The enzyme 17-beta-estradiol dehydrogenase is mainly found in the liver, kidney, ovaries, and testes (De Launoit and Adamski 1999; Huyghe et al. 2006). The HSD17B4 gene is generally stimulated by progesterone, as well as ligands of the peroxisomal proliferator-activated receptor alpha (PPARalpha), including clofibrate. Phorbol esters inhibit the expression of this gene. Mutations in the HSD17B4 gene are also known to cause Zellweger syndrome and peroxisomal D-bifunctional protein deficiency, which also present with hearing impairment (De Launoit and Adamski 1999; Lines et al. 2014).

Most cases of Perrault syndrome are simultaneously reported in at least two female members of a family. In cases where two brothers are involved, these individuals often present a relatively mild phenotype, possibly because only one of the two major domains of the enzyme is affected (either the dehydrogenase or the hydratase domain). A total of about 80 causative mutations in the HSD17B4 gene have been reported, which include missense mutations, deletions, insertions, and duplications (Pierce et al. 2010).

Recessive mutations in the HSD17B4 gene also cause D-BP deficiency. D-BP deficiency is commonly fatal in early childhood, a small number of patients survive beyond 8 years of age (Van Grunsven et al. 1999; McMillan et al. 2012).

Clinical Sensitivity - Sequencing with CNV PG-Select

Variants in the HSD17B4 gene have been reported in three out of 6 families with Perrault syndrome (Pierce et al. 2010; Pierce et al. 2011; Pierce et al. 2013; MacMillan et al. 2012; Lines et al. 2014). The analytical sensitivity of bi-directional sequencing is also high because all HSD17B4 causative mutations reported to date are detectable by this method.

In a study involving 110 patients with D-BP deficiency, only two patients were determined to have gross deletions, whereas the majority of the detected variants were missense mutations (Ferdinandusse et al. 2006).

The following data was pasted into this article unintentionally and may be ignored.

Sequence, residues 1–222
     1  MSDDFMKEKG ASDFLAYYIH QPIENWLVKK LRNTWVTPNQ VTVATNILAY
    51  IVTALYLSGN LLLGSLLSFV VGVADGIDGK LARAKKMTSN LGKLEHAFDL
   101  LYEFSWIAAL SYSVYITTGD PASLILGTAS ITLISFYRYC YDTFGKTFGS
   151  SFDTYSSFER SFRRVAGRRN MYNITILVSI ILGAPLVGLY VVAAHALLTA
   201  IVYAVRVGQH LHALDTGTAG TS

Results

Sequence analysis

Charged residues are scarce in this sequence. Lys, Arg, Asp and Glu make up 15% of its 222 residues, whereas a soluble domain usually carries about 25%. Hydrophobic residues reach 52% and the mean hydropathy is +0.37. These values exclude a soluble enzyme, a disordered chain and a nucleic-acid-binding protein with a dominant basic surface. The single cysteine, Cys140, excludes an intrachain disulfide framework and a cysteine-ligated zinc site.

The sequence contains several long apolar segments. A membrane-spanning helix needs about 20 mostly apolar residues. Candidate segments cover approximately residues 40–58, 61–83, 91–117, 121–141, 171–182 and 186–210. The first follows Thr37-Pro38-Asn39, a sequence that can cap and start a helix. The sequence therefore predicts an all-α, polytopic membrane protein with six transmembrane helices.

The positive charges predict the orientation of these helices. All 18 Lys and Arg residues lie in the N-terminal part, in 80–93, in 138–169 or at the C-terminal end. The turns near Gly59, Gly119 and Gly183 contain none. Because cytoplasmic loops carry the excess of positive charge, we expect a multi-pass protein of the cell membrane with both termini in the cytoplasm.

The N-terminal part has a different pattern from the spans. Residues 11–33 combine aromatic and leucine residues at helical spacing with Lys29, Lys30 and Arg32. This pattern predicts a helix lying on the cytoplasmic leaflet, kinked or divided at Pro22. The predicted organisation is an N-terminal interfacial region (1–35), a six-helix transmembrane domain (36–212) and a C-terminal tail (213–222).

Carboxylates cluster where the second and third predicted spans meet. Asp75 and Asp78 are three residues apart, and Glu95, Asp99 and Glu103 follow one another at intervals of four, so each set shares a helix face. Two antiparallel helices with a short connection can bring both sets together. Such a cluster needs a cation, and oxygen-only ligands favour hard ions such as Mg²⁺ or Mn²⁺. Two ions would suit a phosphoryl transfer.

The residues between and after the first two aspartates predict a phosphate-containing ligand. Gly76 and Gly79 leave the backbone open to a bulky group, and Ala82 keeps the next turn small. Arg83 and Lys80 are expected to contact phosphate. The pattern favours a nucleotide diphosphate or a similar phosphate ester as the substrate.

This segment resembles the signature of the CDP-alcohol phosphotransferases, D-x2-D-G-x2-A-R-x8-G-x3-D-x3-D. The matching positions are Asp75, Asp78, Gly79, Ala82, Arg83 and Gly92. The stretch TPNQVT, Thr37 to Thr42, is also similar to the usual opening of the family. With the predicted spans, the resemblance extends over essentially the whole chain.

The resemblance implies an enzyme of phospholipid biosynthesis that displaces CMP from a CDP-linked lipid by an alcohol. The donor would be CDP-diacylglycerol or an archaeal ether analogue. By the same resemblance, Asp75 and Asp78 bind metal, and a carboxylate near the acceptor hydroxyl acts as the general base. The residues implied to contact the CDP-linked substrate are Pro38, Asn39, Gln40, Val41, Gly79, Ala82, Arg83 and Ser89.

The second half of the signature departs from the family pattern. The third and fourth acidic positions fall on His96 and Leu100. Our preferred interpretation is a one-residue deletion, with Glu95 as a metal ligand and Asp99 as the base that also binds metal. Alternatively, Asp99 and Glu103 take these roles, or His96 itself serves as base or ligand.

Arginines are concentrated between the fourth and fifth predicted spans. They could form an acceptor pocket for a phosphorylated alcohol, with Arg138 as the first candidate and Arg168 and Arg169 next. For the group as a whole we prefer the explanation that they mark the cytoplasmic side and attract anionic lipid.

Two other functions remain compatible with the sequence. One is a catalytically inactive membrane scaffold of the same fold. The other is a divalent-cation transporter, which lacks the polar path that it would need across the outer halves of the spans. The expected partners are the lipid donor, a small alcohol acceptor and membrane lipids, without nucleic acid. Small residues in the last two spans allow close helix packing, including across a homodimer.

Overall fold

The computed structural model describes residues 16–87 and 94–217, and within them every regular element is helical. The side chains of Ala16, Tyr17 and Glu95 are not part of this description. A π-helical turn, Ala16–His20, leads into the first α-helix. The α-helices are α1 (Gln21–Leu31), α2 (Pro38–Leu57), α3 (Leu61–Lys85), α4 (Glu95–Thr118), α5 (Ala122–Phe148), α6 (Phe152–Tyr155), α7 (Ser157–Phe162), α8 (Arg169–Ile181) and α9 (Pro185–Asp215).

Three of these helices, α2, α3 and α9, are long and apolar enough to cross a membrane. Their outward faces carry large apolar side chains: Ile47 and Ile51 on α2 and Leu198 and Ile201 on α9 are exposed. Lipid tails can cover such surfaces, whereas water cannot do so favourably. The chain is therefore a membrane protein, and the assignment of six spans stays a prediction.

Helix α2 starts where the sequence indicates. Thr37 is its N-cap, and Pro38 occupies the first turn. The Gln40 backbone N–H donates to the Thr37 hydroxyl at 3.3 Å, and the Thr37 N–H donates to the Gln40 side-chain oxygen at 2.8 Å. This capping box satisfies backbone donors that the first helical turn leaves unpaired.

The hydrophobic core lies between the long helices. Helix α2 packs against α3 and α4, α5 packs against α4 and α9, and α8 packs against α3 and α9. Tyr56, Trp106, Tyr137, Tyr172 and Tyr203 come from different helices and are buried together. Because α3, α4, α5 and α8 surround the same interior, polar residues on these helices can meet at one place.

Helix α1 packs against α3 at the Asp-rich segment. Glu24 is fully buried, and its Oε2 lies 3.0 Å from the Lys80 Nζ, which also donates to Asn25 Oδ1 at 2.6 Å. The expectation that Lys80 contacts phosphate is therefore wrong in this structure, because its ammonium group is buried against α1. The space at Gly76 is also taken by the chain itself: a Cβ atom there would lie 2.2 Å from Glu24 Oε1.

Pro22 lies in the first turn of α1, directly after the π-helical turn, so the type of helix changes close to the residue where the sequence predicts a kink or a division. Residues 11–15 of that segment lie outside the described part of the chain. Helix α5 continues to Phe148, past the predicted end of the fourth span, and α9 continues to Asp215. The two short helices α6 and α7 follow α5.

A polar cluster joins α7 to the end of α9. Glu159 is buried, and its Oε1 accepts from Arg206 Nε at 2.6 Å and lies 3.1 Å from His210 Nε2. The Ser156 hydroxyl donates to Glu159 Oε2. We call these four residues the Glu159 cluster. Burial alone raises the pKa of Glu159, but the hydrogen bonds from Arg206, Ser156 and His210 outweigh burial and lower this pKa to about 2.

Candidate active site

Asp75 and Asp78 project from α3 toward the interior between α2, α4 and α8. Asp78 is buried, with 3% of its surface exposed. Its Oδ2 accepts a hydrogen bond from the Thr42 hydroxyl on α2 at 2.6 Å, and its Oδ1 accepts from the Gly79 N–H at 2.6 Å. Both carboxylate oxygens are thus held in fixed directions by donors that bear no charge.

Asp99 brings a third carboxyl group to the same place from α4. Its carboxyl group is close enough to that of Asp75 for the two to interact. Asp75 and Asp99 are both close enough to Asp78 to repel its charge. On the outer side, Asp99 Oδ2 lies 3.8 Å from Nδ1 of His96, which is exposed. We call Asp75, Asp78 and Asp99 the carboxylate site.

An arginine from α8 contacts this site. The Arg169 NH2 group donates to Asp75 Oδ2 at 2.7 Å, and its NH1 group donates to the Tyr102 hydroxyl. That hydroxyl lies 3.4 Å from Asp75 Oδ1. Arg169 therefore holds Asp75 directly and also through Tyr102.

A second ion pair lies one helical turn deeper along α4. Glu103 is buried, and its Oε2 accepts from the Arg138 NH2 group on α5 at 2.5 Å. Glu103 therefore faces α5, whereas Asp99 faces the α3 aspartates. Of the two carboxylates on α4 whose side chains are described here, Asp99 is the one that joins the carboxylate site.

Testing Strategy

This test provides full coverage of all coding exons of the HSD17B4 gene, plus ~10 bases of flanking noncoding DNA. We define full coverage as >20X NGS reads or Sanger sequencing.

Indications for Test

Individuals with bilateral sensorineural hearing loss with early-childhood onset can be offered the HSD17B4 test. There should also be no evidence of impaired vestibular function, as indicated by computed tomography (CT) imaging (Kumar et al. 2003; Altay et al. 2008). Audioprofiling may also assist in determining the rate of progressive hearing loss each year. Cascade testing or successive testing of family members to trace the inheritance pattern of the identified mutation may be offered when the patient has been identified as the index case or proband. This test may also be considered for the reproductive partners of individuals who carry pathogenic variants in HSD17B4.

Gene

Official Gene Symbol OMIM ID
HSD17B4 601860
Inheritance Abbreviation
Autosomal Dominant AD
Autosomal Recessive AR
X-Linked XL
Mitochondrial MT

Disease

Name Inheritance OMIM ID
Perrault Syndrome AR 233400

Related Tests

Name
Perrault Syndrome Type 2 via the HARS2 Gene
Perrault Syndrome Type 3 and Deafness, Autosomal Recessive 8 (DFNB8) via the CLPP Gene
Perrault Syndrome Type 4 via the LARS2 Gene

Citations

  • Altay H, Savas R, Ogüt F, Kirazli T, Alper H. 2008. CT and MRI findings in X-linked progressive deafness.  Diagn Interv Radiol 14: 117–119. PubMed ID: 18814129
  • de Launoit Y de, Adamski J. 1999. Unique multifunctional HSD17B4 gene product: 17beta-hydroxysteroid dehydrogenase 4 and D-3-hydroxyacyl-coenzyme A dehydrogenase/hydratase involved in Zellweger syndrome. J. Mol. Endocrinol. 22: 227–240. PubMed ID: 10343282
  • Ferdinandusse S, Ylianttila MS, Gloerich J, Koski MK, Oostheim W, Waterham HR, Hiltunen JK, Wanders RJ, Glumoff T. 2006. Mutational spectrum of D-bifunctional protein deficiency and structure-based genotype-phenotype analysis. The American Journal of Human Genetics 78: 112–124. PubMed ID: 16385454